Brain Study Links Emotional Self-Regulation and Math Performance

Brain Study Points to Poten­tial Treat­ments for Math Anx­i­ety (Edu­ca­tion Week):

  • The study, pub­lished this morn­ing in the jour­nal Cere­bral Cor­tex, is a con­tin­u­a­tion of work on highly math-anxious peo­ple being con­ducted by Sian L. Beilock, asso­ciate psy­chol­ogy pro­fes­sor at the Uni­ver­sity of Chicago, and doc­toral can­di­date Ian M. Lyons. In prior research, Beilock has found that just the thought of doing math prob­lems can trig­ger stress responses in peo­ple with math anx­i­ety, and adult teach­ers can pass their trep­i­da­tion about math on to their stu­dents.” Read the rest of this entry »

Brain Development Through Bilingual Education and Activities Requiring Self-Control

How To Help Your Child’s Brain Grow Up Strong (NPR):

- “Kids who learn two lan­guages young are bet­ter able to learn abstract rules and to reverse rules that they’ve already learned,” says Aamodt. “They’re less likely to have dif­fi­culty choos­ing between con­flict­ing pos­si­bil­i­ties when there are two pos­si­ble responses that both present them­selves. They’re also bet­ter at fig­ur­ing out what other peo­ple are think­ing, which is prob­a­bly because they have to fig­ure out which lan­guage to use every time they talk to Read the rest of this entry »

Study: Working memory training can improve fluid intelligence

Very inter­est­ing new study on com­put­er­ized cog­ni­tive train­ing (or brain train­ing), well sum­ma­rized in LA Times arti­cle Mem­ory train­ing improves intel­li­gence in some chil­dren, report says. Quote:

The train­ing pro­gram used by Jaeggi and co-workers focused on ramp­ing up work­ing mem­ory: the abil­ity to hold in mind a hand­ful of infor­ma­tion bits briefly, and to update them as needed. Cog­ni­tive sci­en­tists con­sider work­ing mem­ory a key com­po­nent of intel­li­gence. But they have Read the rest of this entry »

Working memory: a better predictor of academic success than IQ?

Work­ing mem­ory is the abil­ity to hold infor­ma­tion in your head and

via Flickr (Plasticinaa)

Pic: Flickr (Plasticinaa)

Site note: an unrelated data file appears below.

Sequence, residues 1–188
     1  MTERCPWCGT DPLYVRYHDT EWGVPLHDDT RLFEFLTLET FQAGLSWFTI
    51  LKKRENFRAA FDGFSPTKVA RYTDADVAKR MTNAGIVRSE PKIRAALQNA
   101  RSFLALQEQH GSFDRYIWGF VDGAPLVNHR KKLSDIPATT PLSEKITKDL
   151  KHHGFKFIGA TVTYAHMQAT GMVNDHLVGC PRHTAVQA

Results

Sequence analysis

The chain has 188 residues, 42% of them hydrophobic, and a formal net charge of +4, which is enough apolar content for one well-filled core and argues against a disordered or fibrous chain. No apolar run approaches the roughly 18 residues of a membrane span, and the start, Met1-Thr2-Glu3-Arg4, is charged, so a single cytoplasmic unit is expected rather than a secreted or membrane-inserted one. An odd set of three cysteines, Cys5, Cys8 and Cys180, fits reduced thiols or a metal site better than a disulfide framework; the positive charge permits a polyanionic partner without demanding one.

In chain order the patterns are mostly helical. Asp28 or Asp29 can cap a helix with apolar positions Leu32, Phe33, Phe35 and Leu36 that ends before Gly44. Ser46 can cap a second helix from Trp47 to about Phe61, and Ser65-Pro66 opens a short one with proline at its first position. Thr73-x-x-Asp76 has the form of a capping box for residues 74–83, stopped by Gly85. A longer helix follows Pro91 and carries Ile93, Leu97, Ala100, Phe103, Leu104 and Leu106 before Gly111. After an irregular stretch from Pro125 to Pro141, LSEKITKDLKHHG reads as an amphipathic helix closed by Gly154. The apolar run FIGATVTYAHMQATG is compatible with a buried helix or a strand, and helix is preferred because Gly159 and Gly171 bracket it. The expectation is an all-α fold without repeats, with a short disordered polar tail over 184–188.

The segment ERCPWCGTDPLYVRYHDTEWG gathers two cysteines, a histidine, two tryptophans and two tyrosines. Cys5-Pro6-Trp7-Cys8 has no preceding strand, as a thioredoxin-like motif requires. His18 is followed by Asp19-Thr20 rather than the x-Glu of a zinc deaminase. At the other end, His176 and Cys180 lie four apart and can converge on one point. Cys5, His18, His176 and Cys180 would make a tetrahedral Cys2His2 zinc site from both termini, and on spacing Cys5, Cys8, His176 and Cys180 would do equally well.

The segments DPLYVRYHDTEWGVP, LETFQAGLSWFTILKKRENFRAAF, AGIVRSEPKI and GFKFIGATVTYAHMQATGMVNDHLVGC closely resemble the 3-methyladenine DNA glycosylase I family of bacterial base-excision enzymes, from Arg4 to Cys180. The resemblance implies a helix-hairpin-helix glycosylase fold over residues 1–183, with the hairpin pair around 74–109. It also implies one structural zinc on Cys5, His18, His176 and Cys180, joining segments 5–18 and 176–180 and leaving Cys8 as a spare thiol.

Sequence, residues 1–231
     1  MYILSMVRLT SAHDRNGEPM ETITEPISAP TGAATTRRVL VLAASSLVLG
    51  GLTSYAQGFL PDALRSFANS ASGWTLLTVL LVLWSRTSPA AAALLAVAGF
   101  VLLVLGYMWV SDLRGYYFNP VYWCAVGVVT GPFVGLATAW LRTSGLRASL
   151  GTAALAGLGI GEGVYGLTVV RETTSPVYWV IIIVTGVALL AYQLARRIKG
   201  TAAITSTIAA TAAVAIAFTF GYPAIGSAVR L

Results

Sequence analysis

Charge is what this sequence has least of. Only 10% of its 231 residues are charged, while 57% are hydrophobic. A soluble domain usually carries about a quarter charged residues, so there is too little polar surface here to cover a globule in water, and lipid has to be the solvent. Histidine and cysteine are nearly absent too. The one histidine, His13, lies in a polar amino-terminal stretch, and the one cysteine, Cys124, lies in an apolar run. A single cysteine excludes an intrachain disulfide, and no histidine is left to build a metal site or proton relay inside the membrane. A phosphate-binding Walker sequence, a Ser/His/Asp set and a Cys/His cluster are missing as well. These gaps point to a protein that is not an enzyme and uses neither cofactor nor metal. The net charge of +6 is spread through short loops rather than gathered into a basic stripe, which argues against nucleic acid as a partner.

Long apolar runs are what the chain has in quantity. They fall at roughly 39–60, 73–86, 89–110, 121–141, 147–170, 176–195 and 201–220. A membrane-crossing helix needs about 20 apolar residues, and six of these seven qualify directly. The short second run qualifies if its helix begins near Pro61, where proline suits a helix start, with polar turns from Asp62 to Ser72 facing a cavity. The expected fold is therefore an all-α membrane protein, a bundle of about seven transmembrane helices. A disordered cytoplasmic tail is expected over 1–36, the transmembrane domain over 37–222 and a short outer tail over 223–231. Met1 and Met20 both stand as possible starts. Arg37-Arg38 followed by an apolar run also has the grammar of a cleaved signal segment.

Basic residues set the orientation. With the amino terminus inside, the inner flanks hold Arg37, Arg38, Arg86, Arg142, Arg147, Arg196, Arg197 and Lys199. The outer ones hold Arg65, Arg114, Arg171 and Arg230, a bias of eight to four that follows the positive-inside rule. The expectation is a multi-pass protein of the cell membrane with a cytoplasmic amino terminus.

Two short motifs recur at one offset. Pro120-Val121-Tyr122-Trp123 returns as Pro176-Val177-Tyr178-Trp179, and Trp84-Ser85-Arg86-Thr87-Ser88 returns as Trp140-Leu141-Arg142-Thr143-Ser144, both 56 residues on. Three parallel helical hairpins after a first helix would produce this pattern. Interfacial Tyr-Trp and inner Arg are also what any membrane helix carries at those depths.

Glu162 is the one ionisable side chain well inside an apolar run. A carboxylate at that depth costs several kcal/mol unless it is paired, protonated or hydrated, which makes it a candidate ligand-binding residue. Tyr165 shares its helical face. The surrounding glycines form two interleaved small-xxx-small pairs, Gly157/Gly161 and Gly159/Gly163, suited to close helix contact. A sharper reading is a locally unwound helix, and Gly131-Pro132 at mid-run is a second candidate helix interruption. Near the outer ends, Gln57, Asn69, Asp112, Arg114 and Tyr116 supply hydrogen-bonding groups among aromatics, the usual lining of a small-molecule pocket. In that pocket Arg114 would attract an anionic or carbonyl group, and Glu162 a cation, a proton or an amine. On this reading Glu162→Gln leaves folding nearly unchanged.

manip­u­late it men­tally. You use this men­tal work­space when adding up two num­bers spo­ken to you by some­one else with­out being able to use pen and paper or a cal­cu­la­tor. Chil­dren at school need this mem­ory on a daily basis for a vari­ety of tasks such as fol­low­ing teach­ers’ instruc­tions or remem­ber­ing sen­tences they have been asked to write down.

The main goal of our recent paper pub­lished in the Jour­nal of Exper­i­men­tal Child Psy­chol­ogy was to inves­ti­gate the pre­dic­tive power of work­ing mem­ory and IQ in learn­ing in typ­i­cally devel­op­ing chil­dren over a six-year period. This issue is impor­tant because dis­tin­guish­ing between the cog­ni­tive skills under­pin­ning suc­cess in learn­ing is cru­cial for early screen­ing and intervention.

In this study, typ­i­cally devel­op­ing stu­dents were tested for their IQ and work­ing mem­ory at 5 years old and again when they were 11 years old. They were also tested on their aca­d­e­mic attain­ments in read­ing, spelling and maths.

Find­ings and Edu­ca­tional Implications

The find­ings revealed that a child’s suc­cess in all aspects of learn­ing is down to how good their work­ing mem­ory is regard­less of IQ score. Crit­i­cally, work­ing mem­ory at the start of for­mal edu­ca­tion is a more pow­er­ful pre­dic­tor of sub­se­quent aca­d­e­mic suc­cess than IQ in the early years.

This unique find­ing is impor­tant as it addresses Read the rest of this entry »